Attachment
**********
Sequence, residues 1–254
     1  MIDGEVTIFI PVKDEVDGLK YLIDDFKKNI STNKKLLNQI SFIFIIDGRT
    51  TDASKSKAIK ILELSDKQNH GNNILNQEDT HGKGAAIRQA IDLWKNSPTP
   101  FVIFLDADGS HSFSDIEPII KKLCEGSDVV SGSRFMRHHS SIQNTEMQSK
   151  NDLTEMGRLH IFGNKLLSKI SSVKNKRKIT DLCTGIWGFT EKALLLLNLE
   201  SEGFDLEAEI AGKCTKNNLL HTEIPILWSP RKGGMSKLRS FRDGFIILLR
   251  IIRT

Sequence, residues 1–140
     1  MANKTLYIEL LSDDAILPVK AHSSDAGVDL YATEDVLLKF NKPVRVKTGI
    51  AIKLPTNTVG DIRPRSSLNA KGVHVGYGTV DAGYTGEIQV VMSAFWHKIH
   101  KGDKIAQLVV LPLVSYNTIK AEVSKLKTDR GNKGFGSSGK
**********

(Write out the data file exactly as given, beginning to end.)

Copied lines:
Sequence, residues 1–254
     1  MIDGEVTIFI PVKDEVDGLK YLIDDFKKNI STNKKLLNQI SFIFIIDGRT
    51  TDASKSKAIK ILELSDKQNH GNNILNQEDT HGKGAAIRQA IDLWKNSPTP
   101  FVIFLDADGS HSFSDIEPII KKLCEGSDVV SGSRFMRHHS SIQNTEMQSK
   151  NDLTEMGRLH IFGNKLLSKI SSVKNKRKIT DLCTGIWGFT EKALLLLNLE
   201  SEGFDLEAEI AGKCTKNNLL HTEIPILWSP RKGGMSKLRS FRDGFIILLR
   251  IIRT

Sequence, residues 1–140
     1  MANKTLYIEL LSDDAILPVK AHSSDAGVDL YATEDVLLKF NKPVRVKTGI
    51  AIKLPTNTVG DIRPRSSLNA KGVHVGYGTV DAGYTGEIQV VMSAFWHKIH
   101  KGDKIAQLVV LPLVSYNTIK AEVSKLKTDR GNKGFGSSGK